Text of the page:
The Africa Programme at Chatham House, headed by Alex Vines, aims to develop foreign policy-orientated research on issues affecting individual states of Africa, the African continent as a whole and relations with the outside world.
Eritrea and Ethiopia: A New Approach
A new briefing suggests a fresh approach to improve relations between Eritrea and Ethiopia by pursuing individual engagement with both, rather than immediate discussions between the two countries. Read.
Harnessing Economic Growth in Tanzania
President Jakaya Mrisho Kikwete outlines his government’s ambition for Tanzania to reach middle-income status by 2025 and the potential for the country to develop into a regional hub. Audio/Video.
Zimbabwe's International Re-engagement
A new report argues that while Zimbabwe's economic collapse is not inevitable, the government must build investor confidence, reduce uncertainty, and re-engage with the international community. Read.
The Promise of Nigeria's Entrepreneurs
A new report by the All Party Parliamentary Group on Nigeria highlights practical initiatives that the UK could take forward in support of the development of small and medium-sized enterprises (SMEs) in Lagos, and strengthening its economic and commercial relevance in Nigeria. Read.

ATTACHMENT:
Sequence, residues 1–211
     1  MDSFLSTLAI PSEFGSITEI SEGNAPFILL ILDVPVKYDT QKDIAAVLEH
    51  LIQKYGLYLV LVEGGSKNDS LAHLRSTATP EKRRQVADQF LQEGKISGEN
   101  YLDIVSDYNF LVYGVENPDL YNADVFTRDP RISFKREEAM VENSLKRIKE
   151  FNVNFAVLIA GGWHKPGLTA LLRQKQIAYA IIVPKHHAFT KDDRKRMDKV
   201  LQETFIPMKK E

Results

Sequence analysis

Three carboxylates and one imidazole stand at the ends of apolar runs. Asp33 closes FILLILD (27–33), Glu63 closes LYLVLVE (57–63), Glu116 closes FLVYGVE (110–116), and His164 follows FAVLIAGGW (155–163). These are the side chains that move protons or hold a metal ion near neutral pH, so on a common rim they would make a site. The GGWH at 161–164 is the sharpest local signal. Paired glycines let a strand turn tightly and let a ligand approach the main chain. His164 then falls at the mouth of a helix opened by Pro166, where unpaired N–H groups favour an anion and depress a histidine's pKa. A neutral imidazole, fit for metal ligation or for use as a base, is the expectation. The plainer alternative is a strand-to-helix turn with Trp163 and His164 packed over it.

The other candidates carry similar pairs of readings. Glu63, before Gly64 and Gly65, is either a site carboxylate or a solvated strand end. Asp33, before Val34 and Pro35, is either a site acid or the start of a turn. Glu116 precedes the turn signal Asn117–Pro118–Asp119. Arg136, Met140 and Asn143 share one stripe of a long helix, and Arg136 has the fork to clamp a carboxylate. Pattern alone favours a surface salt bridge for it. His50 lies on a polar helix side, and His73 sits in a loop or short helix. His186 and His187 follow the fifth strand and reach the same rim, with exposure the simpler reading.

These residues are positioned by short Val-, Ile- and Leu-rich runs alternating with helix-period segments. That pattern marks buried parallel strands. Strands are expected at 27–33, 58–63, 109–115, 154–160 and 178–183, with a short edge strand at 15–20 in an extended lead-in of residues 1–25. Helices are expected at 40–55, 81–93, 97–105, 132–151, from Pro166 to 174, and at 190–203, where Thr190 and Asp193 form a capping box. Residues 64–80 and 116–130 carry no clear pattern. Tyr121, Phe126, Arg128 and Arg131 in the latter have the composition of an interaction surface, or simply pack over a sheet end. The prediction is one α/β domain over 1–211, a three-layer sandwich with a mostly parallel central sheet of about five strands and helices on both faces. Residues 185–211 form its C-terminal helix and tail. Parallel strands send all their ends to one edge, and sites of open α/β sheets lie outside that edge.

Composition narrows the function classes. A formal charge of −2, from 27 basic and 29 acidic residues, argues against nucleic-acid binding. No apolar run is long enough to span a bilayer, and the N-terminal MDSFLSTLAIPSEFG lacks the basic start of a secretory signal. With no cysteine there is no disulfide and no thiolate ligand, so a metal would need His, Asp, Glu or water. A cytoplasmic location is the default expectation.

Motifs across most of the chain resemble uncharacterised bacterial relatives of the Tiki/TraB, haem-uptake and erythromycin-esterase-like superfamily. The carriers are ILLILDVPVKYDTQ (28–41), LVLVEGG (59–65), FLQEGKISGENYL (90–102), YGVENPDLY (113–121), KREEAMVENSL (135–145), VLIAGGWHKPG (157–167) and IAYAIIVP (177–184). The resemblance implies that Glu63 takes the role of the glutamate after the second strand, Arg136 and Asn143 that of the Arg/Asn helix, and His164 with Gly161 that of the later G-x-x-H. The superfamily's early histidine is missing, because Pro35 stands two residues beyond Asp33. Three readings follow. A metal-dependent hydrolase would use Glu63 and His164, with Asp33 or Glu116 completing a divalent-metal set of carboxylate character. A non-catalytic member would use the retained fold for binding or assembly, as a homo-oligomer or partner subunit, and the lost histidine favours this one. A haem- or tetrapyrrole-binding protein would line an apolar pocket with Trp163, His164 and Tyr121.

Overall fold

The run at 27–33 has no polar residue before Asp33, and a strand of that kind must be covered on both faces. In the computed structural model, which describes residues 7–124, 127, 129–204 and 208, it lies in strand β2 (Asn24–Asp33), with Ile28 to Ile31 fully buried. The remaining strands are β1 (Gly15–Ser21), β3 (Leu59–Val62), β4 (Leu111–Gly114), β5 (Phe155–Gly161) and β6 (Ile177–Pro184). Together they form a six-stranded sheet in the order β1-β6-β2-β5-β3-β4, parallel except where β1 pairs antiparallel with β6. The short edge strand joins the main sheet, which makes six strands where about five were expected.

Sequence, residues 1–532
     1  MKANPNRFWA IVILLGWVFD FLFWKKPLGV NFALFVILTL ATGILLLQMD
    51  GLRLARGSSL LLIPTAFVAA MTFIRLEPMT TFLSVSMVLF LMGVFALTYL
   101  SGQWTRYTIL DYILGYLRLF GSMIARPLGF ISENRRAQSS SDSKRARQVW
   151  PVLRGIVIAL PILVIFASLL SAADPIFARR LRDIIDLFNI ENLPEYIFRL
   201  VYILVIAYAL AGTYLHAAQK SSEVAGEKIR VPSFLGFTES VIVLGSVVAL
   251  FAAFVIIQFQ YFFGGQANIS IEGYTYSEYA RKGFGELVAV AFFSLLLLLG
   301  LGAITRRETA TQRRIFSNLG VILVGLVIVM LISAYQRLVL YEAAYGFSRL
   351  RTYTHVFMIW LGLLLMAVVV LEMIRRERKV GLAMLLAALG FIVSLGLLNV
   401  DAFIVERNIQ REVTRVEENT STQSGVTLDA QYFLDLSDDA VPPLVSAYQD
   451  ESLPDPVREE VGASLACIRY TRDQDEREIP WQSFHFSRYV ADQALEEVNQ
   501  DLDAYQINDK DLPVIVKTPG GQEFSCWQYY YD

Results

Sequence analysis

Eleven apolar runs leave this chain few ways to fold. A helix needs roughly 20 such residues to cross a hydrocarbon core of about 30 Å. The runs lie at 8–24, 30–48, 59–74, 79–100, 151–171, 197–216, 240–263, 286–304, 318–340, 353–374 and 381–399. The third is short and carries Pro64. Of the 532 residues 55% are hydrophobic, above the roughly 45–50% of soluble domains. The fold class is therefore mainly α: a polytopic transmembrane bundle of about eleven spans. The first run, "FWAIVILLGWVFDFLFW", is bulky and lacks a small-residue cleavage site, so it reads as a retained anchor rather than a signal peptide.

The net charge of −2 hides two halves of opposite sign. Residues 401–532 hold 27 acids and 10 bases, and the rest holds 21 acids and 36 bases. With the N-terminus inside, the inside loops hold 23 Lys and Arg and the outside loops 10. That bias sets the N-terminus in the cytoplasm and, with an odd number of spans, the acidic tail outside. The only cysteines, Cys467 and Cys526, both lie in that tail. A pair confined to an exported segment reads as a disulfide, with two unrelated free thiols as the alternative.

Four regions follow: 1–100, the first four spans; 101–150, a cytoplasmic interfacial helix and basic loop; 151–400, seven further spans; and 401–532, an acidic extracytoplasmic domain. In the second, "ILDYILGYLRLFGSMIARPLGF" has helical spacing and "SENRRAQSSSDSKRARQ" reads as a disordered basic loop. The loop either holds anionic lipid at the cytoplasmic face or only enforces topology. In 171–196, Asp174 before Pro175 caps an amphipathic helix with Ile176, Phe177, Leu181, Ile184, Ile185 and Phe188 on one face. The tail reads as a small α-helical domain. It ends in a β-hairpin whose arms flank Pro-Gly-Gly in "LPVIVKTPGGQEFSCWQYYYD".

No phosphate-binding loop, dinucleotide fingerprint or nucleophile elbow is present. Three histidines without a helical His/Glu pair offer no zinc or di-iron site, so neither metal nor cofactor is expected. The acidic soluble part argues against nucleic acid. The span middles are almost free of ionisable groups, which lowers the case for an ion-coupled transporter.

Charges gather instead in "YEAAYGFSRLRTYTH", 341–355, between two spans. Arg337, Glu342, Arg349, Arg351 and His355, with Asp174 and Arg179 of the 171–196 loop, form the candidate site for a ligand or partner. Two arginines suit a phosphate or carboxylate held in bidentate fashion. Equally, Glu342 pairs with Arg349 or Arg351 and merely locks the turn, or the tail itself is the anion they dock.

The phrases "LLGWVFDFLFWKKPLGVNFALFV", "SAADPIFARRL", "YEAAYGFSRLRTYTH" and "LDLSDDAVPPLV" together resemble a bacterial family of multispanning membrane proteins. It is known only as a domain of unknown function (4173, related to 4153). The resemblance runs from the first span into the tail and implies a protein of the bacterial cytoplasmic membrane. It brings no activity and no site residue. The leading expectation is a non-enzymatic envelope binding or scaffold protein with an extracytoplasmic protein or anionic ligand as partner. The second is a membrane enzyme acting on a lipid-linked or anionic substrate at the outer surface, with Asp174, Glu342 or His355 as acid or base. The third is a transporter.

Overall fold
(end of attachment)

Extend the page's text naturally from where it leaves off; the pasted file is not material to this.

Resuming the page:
More informed international engagement with African states is becoming increasingly important for preventing global conflict and for securing future growth. The Africa Programme has continued to strengthen its position as a world-leading centre for independent political expertise on Sub-Saharan Africa.
The Africa Programme has recently carried out field research and related activities in Angola, Belgium, Burkina Faso, Cyprus, Ethiopia, France, Germany, Ghana, Italy, Kenya, Mali, Mexico, Mozambique, Namibia, Niger, Nigeria, Norway, Portugal, Senegal, Seychelles, South Africa, South Korea, Spain, Swaziland, Sweden, The Netherlands, Tunisia, Uganda, United Arab Emirates, USA, Zambia, and Zimbabwe.
Widespread dissemination of our research findings amongst governments, businesses, academia and civil society actors internationally remains central to our growing influence. Nearly all Africa Programme output remains free thanks to the generous support of our sponsors.
For further information on the work of the Africa programme, please contact Tighisti Amare.